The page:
Black Queer Tarot Creator Wants Reality to be Beautiful for the Black LGBTQ+ Community

By: Christina Santi 

It can be hard to create in a world where parts of you are rejected. It’s a larger task to love those parts of one’s self that society at large may not accept. For Black Queer artists, creating in a world that can be harmful to both those identities is revolutionary. When one looks at the work of Kehinde Wiley or Mickalene Thomas, both openly part of the LGBTQ+ community, there is a softness and vibrancy to their depictions of Black life. The same vulnerability can be seen in the work of collage artist and art director Kendrick Daye. 

Enticed by his artwork, BNC spoke with Daye about Pride Month, Black Queer representation and creating the BLACK QUEER TAROT, a 78-card Tarot arcana deck that features members of the Black LGBTQ+ community.  

Born in Miami, Daye said he always wanted to be an artist. He began as a photographer before working on a pop art project that inspired him to begin collaging. Although the young artist did not feel he was your ideal Morehouse man, living in Atlanta helped enrich his want to showcase Black people in his art. After graduating from the HBCU, he relocated to Harlem, New York to continue being inspired by the culture found in America’s Black meccas.  

In the summer of 2020, Daye was looking to purchase a tarot deck for himself but was displeased with the lack of representation. He found most decks focused on white and/or cisgendered people. He decided to create his own deck. 

RELATED: Director Amira Shaunice Talks ‘Phase 6’ and Creating for the LGBTQ+ Community

In February 2021, the artist launched his BLACK QUEER TAROT deck on the crowdfunding site Indiegogo. He sought to create a deck that represented all parts of his identity, because he does not subscribe to the belief that one’s Blackness takes precedence over their queerness; a common debate that occurs within the community when it comes to discussing who deserves liberation first. Despite skewed histories, the answer is everyone should be free at the same time.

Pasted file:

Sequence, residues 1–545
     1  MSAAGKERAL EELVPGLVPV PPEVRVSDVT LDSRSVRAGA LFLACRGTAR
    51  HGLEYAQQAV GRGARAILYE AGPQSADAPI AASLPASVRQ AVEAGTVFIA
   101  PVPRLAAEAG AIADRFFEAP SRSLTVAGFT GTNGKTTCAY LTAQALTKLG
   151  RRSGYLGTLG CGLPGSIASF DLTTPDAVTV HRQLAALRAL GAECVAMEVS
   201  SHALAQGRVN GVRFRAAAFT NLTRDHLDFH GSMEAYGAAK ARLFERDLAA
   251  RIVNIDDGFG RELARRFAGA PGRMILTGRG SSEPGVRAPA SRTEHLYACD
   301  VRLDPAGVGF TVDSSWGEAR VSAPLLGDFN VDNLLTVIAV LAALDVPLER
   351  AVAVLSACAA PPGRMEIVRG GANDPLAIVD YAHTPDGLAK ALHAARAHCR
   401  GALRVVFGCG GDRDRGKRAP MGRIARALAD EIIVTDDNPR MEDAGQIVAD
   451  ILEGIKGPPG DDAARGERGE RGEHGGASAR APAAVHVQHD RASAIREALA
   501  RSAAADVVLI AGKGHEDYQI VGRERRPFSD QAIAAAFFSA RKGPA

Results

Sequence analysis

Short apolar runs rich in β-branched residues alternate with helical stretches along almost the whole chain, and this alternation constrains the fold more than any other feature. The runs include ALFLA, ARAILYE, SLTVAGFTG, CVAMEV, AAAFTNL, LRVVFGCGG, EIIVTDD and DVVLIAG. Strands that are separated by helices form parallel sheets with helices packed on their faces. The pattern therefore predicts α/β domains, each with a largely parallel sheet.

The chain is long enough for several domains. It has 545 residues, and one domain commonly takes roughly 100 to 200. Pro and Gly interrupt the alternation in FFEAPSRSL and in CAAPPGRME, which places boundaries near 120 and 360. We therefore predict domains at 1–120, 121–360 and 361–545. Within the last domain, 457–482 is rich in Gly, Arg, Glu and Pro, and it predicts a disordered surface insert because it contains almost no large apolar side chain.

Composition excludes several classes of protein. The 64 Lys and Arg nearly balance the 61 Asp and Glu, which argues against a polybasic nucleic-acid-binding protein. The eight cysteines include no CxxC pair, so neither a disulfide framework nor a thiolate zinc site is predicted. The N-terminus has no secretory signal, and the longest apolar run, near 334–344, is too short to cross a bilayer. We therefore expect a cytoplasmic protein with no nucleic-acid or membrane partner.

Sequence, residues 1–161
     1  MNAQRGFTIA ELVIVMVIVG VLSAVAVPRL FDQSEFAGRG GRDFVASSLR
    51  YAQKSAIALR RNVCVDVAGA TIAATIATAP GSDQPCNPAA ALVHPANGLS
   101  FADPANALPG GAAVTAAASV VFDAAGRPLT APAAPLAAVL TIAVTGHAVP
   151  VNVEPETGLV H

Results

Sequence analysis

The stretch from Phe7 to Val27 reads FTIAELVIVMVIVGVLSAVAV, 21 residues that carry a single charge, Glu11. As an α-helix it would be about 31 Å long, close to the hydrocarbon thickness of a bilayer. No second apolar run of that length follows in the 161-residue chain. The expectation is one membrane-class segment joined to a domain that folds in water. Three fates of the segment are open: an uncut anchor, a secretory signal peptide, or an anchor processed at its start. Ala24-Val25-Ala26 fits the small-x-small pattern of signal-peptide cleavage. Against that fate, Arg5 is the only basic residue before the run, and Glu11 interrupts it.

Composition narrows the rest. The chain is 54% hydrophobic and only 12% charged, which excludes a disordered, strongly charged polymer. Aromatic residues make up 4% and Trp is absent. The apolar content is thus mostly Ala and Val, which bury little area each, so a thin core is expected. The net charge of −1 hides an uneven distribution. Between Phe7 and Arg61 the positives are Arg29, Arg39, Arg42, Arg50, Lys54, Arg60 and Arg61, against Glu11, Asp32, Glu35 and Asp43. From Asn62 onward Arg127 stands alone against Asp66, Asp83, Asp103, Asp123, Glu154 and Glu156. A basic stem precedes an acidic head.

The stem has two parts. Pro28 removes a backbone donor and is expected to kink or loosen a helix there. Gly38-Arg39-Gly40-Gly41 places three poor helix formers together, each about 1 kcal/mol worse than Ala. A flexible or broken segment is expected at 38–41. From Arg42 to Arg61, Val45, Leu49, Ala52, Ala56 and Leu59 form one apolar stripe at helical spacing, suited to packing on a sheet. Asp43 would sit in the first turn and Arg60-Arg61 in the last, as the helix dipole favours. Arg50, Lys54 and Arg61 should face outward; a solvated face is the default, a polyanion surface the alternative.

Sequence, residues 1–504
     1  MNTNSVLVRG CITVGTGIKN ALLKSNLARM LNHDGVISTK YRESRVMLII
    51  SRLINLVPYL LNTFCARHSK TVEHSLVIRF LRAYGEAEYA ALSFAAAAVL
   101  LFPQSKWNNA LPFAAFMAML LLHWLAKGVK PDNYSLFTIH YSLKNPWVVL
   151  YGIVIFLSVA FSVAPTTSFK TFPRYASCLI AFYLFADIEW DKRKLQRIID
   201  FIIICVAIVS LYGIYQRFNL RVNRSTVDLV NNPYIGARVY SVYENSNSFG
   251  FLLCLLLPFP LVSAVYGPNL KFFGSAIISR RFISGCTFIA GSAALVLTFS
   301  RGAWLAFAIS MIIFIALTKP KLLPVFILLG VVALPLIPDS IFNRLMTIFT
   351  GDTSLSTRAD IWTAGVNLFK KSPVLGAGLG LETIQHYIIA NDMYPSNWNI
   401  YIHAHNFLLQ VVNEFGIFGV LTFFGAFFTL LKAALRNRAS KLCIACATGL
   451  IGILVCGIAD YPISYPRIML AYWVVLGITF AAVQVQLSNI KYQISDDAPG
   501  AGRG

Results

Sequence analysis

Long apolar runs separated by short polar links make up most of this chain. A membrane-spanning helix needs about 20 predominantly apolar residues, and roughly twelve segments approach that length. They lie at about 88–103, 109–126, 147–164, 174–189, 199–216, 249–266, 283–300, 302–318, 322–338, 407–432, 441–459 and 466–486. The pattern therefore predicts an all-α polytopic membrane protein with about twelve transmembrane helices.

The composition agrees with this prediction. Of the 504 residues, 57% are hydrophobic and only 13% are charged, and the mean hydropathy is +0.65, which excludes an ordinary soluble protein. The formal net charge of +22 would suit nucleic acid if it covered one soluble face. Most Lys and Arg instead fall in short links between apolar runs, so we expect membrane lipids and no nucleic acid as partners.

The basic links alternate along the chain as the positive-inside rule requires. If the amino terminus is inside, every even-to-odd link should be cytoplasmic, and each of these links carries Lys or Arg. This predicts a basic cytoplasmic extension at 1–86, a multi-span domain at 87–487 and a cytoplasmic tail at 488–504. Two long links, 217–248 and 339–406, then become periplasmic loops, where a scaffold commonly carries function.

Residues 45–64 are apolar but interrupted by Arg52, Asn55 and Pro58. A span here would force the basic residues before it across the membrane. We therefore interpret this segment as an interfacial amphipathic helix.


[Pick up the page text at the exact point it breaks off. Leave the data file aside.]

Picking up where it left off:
“I love being Black and I love being queer. I can’t divorce that from myself,” Daye said. 

Black Queer Tarot

Black Queer Tarot by Kendrick Daye

Kendrick spent months researching and speaking to individuals within the tarot space before working on his deck. The project became a full circle moment for Kendrick, who photographed and created all the art for the tarot cards. One can see his ethereal and flamboyant collage work side-by-side with his photography with images of icons such as Audre Lorde and Marsha P. Johnson and transmodel Gia Love.  

He was deliberate in creating work that was a “fresh, inclusive take on the Tarot that imagines worlds where liberation and freedom are alive and well-connected bedfellows. Worlds where Black queer people are not just living— we’re thriving.” 

To date, the artist has raised $31,792 through his campaign, which is still going. The feat was surprising because as an artist, he rarely steps outside of his work. Daye, like most creators, make things they need first. Others seeing something within his work is just an added bonus.  

“I am always aim to present Black Queer people in this beautiful light,” the artist said. “Regardless of what situation is being presented there visually. I want it to look like they have this agency about them and I want them to look powerful.” 


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Daye’s deck coincides with people’s journey into spirituality. A poll released by Gallup earlier this year says that only 47% of American adults are members of a church, synagogue or mosque. It’s the first time in history that the number falls below the majority. The Harlem-based artist said he began tarot because as a gay man the Black church was not always welcoming to his identity.  

RELATED: Black Music Month & Pride 2021: Queer Musicians You Should Know

His hope for his deck is that he is making space for Black Queer people who feel isolated or shunned from church, religion or spirituality to see themselves within still.  

For both beginners and experienced tarot readers, there is the option to purchase a companion guidebook written by Justin Henry. The book features in-depth descriptions of Daye’s deck artwork, including the upright and reverse meanings of each card.  

While representation is a buzzword of sorts, Kendrick wants to continue creating for his communities and being inspired by the people around him doing the work in this continual fight for freedom. All that starts with him loving on himself first. 

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